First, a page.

Should Midtown Have A Public Elementary School?
Oftentimes, a neighborhood is formed around a school. A school can be much more than a place where our children go Monday through Friday, but rather it becomes a community space for all. However, when this community space does not exist in a neighborhood, families either have to deal with the inconveniences, or take matters into their own hands to create a school in their neighborhood.
In recent history Kansas City Public Schools have been closing, due to poor performance, shrinking enrollment or some combination of the two. But community members Andrew Johnson and Kristen Littrell discuss what they see as a clear need for a public elementary school to open in Midtown Kansas City. They, and other residents formed the Midtown Community School Initiative to bring ideas for a new school together and unite the community.
Many parents, such as Johnson, have to drive six miles to get to their child's school. And those parents who don't own vehicles must send their children to school via long bus routes. Being so geographically displaced from their children's school causes a disconnect between families and the school, says Johnson, because it is harder to get involved and feel included. The Midtown neighborhood needs a school for the many families that live there, and parents such as Johnson and Littrell are willing to work for it.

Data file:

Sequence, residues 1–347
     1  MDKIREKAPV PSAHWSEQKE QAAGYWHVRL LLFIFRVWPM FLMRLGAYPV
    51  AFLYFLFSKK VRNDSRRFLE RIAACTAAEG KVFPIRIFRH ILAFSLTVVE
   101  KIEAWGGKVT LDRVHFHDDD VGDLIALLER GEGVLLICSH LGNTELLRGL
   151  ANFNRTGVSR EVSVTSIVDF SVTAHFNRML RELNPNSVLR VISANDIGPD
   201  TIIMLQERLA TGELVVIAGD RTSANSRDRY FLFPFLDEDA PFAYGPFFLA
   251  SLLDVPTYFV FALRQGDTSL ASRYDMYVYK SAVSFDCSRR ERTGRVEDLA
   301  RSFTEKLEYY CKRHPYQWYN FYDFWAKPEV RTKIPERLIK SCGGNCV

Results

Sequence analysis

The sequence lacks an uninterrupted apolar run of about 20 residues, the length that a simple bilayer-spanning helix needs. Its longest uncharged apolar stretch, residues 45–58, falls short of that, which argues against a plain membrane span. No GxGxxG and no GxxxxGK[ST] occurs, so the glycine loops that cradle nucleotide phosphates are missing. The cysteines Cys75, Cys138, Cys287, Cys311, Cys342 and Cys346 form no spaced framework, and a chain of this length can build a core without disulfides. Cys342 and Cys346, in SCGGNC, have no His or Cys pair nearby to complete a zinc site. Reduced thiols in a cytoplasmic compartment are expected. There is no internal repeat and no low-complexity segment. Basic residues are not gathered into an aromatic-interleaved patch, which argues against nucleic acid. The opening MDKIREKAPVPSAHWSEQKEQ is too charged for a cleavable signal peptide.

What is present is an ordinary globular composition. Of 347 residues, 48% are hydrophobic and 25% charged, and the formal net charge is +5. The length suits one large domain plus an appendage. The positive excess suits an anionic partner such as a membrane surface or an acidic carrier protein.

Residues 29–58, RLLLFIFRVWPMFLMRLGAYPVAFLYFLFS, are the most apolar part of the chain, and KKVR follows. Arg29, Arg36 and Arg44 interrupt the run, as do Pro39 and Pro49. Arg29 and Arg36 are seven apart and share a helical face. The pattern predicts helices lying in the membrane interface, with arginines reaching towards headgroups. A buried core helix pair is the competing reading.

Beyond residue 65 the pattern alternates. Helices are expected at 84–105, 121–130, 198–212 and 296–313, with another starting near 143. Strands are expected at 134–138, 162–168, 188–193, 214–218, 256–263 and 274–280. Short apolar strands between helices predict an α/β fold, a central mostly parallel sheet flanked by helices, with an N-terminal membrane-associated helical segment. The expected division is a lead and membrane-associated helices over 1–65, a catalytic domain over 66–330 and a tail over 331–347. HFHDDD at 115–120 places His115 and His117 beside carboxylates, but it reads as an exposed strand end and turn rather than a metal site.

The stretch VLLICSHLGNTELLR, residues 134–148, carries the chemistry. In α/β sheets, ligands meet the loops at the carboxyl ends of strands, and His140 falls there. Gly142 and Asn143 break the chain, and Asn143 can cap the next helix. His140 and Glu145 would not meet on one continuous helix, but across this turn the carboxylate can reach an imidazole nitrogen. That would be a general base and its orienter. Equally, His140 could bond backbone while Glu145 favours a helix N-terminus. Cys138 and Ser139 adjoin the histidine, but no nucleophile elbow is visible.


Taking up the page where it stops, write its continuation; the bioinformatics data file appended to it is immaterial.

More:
Midtown area families do have some inspiration from a local community who was successful in opening up a new school in the Waldo/Brookside area. Ashley Hand adds a story of success to the discussion as the Hale Cook Elementary school is scheduled to officially welcome students next year. Much like the Midtown community, the neighbors of the Waldo community saw a need for a school in their area, and when a building was found to accommodate their needs, they moved forward to open a new elementary school. Next year Hale Cooke Elementary will welcome its first group of kindergartners and first graders.
Midtown residents are only in the beginning of a process that took Hale Cook about three years. However, as Littrell says, community members are focused on taking ownership of their community and taking pride in their neighborhood.
- Ashley Hand, Chair of Friends of Hale Cook Board of Directors
- Andrew Johnson, member of Midtown Community School Initiative
- Kristen Littrell, member of Midtown Community School Initiative